Bayesian inference provides a way of drawing conclusions about a system, such as climate or financial markets, by combining new evidence with prior knowledge. This project aims to develop a method for optimising algorithms that utilise Bayesian inference and related ‘Markov chain Monte Carlo’ methods.
Explaining the science
Bayesian inference is often the preferred methodological approach for researchers in modelling genomics, infectious diseases, climate, financial markets, and many others. It provides a way of combining new evidence with prior beliefs – after observing some evidence, the resulting output or ‘posterior distribution’ of a model can then be treated as an input or ‘prior distribution’, and a new posterior distribution can be computed from new evidence, and so on.
These posterior distributions are often explored using Markov chain Monte Carlo (MCMC) algorithms. Monte Carlo methods are a broad class of computational algorithms that rely on repeated, random sampling to obtain numerical results. Markov chains are algorithms used for working with a series of events (for example a system being in particular states) to predict the possibility of a certain event based on what other events have happened. Used in conjunction, MCMC methods approximate the posterior distribution of a parameter of interest through random sampling.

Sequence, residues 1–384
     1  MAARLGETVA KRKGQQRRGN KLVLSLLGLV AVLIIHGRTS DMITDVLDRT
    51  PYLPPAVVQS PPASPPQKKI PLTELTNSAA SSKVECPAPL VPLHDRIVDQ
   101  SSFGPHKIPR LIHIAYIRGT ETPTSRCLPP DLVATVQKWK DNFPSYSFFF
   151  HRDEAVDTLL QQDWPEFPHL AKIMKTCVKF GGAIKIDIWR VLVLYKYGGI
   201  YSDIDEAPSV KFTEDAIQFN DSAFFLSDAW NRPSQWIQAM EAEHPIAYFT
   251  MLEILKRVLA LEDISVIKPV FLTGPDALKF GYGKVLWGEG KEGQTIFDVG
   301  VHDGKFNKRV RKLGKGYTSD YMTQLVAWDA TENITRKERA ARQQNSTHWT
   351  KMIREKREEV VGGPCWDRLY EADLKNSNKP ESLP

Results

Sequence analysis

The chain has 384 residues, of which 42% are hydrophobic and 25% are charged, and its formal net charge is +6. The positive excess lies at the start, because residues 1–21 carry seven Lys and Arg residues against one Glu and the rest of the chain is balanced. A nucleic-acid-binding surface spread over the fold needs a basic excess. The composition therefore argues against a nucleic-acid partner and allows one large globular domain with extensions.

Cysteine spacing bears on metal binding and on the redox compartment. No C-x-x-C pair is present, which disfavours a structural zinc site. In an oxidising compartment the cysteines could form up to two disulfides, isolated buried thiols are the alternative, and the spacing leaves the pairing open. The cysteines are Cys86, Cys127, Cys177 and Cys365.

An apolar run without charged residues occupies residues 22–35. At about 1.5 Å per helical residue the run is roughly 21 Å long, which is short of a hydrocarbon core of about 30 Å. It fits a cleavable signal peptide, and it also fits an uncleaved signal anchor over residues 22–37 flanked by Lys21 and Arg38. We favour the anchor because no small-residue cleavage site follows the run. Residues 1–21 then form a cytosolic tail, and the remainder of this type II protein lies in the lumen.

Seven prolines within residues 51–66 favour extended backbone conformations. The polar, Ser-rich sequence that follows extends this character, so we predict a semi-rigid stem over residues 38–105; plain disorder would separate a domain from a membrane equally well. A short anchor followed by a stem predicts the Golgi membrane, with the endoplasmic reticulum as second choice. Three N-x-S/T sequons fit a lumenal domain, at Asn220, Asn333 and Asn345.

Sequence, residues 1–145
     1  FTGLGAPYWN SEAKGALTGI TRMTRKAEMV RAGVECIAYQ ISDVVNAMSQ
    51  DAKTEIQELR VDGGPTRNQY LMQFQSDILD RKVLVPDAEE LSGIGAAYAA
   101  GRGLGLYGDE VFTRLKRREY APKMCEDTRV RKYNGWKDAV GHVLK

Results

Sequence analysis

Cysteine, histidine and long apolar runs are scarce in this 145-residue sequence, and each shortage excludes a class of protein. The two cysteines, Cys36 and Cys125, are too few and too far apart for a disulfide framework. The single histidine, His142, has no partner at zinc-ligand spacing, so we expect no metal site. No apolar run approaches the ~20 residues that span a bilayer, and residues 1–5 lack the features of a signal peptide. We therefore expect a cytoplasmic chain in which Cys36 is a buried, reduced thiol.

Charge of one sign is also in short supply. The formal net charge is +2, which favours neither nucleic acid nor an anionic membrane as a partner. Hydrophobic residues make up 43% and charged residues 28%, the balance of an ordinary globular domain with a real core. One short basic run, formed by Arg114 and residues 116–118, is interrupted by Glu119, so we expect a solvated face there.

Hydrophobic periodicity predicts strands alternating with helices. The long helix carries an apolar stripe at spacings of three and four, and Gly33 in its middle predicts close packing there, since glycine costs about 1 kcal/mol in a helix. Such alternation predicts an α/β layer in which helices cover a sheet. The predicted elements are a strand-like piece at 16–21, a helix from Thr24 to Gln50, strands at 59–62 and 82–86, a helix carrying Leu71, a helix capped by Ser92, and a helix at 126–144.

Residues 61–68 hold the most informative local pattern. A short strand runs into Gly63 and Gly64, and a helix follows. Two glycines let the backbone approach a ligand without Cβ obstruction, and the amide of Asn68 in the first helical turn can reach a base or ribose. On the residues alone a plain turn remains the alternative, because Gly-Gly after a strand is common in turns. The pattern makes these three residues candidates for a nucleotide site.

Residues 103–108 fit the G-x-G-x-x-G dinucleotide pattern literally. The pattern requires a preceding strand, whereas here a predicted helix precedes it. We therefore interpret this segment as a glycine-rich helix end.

MCMC methods include the Metropolis-Hastings, the Metropolis Adjusted Langevin algorithm, the Gibbs sampler, Hybrid Monte Carlo, or the slice sampler. However, in modern high-dimensional applications, off the shelf versions of these algorithms often need extensive tuning for optimised performance, that are time consuming and require expert knowledge.
The project involves the development of adaptive MCMC. This is a way of designing self-tuning MCMC algorithms that learn about the target distribution as the sampling of data progresses and optimise parameters of the sampling algorithm accordingly.
The approach developed will allow for automated and reliable Bayesian inference in important applications such as genomics, infectious diseases, climate, and financial and industrial models.